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Driving through water

how deep of a puddel can a model s go through

Not very deep at all. Just like any other car not designed for fording. If you raise the model s all the way up you are still only going to be safe with probably 6-9 inches or so I think.

Someone posted here previously that drove thru some water and the outcome wasn't good.

Must have missed that post. Theoretically Model S could work completely submerged like a submarine, but I guess at some point electronics get wet and fry.

Do you remember which part caused the failure? Motor? Battery? That high voltage unit next to passenger side wheel well?

My old Fiat didn't fail in well over 15 inches of water. I expect that Model S should handle small puddle like that just fine, just don't park there.

Must have missed that post. Theoretically Model S could work completely submerged like a submarine, but I guess at some point electronics get wet and fry.

It pulls in air for the drive train cooling system, which probably hasn't been designed to seamlessly switch to water cooling when submerged. This could lead to overheating of some components which might damage them.

The car also has a mammal-based control system for which inadequate provision has been made for extended submerged operation. :p

AFAIK all components of Model S drivetrain are liquid-cooled.

I'm interested to find out which kind of damage was caused to that that "outcome was not good" car. I have seen some cars getting in surprise flood while parked in sidewalk during short thunderstorm. Doesn't last long, but long enough that it might be a problem.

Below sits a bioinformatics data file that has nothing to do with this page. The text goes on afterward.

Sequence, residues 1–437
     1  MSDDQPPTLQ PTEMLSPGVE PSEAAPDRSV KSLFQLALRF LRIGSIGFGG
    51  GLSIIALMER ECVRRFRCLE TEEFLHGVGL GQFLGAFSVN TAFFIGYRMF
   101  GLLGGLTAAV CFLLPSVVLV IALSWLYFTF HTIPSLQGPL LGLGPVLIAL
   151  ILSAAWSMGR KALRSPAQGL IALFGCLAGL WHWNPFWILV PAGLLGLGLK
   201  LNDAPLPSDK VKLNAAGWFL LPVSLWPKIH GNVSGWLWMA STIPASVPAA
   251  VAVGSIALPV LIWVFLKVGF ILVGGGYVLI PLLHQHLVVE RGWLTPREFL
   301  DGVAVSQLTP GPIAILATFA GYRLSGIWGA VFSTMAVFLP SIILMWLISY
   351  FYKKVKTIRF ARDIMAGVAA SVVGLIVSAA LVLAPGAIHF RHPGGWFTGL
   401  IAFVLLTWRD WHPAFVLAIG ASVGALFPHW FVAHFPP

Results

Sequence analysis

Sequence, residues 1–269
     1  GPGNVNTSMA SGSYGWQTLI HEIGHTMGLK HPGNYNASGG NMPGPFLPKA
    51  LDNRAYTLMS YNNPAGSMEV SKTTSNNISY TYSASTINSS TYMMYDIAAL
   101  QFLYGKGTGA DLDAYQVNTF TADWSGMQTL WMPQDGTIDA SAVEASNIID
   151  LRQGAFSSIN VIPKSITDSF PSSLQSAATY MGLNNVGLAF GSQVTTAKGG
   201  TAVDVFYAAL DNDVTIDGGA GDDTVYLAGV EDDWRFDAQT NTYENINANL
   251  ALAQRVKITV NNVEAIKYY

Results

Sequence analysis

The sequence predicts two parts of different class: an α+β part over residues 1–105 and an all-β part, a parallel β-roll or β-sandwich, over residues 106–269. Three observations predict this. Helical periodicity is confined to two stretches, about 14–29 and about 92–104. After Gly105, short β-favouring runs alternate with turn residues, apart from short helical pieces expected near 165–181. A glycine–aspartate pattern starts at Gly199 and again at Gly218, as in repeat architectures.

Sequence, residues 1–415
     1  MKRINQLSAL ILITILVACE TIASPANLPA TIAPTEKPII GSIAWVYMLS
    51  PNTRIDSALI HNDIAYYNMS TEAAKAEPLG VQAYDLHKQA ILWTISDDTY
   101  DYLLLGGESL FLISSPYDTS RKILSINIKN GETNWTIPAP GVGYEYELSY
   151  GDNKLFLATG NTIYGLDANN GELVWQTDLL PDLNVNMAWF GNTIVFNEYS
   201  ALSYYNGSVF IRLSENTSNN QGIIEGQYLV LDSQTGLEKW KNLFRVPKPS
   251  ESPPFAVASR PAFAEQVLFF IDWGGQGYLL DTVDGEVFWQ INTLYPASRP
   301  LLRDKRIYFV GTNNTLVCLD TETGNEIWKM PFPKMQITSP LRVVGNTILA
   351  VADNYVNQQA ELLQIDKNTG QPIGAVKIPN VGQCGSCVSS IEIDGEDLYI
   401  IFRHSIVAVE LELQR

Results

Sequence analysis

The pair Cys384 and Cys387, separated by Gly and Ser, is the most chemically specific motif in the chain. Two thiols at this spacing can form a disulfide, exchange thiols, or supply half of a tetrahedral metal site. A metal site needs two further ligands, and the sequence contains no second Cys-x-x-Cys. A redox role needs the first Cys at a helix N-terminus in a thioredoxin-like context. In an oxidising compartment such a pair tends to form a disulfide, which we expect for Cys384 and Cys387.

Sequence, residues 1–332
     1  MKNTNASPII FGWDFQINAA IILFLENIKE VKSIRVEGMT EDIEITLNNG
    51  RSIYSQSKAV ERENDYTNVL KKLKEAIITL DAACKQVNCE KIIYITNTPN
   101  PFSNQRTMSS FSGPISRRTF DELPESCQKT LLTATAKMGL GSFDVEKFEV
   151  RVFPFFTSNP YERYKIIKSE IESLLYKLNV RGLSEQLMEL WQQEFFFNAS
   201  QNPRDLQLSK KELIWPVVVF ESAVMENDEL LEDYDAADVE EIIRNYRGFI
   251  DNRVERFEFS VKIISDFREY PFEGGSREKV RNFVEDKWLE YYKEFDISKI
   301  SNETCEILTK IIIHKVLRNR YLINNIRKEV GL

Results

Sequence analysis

The drive train is liquid cooled, but that liquid is cooled by radiators which in turn are cooled by the outside air being blown across them.

Water transfers heat better than air, so it should make cooling easier, not harder. Those usually have fans to pull air and those fans could break, but that's minor damage and easily repaired and should not cause car to stop.

I think the most vulnerable part is that high voltage thingamodo inside passenger side front wheel well. If that goes car stops. It's not very low though, so it would need quite a bit of water before that gets wet.

Timo wrote:
"Water transfers heat better than air, so it should make cooling easier, not harder. Those usually have fans to pull air and those fans could break, but that's minor damage and easily repaired and should not cause car to stop."

If the cooling system (fans, ducting, etc) hasn't been designed to work with water as well as air, and I consider it very improbable that it has been, then I would put zero money on the system working properly when only water is available. :-)

Yeah, fans as robust as propellers, able to ramp down speed when impelling water. No prob!

Does it actually have fans? BEV doesn't heat up when not in motion so water pump should be enough to circulate coolant and cool things down. It has radiators, but it should heat up much less than ICE so fans are not necessarily needed. Airflow from movement while at motion should be enough to cool drivetrain down.

Even if cooling system completely fails when submerged it shouldn't still cause permanent damage unless it stays that way for a long time. Things heat up slowly in BEV and air is not needed for any part of the drivetrain.

So driving thru deep puddle shouldn't be very bad for Model S, which is why I'm curious what happened to that "outcome was not good" car. What was the vulnerable component?

The AC clearly uses fans and radiators.

Fan at the radiator behind the nose cone? Or just to blow cooled air to cabin?

Both?

The battery cooling needs a fan. The reason is that while fast charging, it needs to cool the pack, with air not moving around the vehicle.


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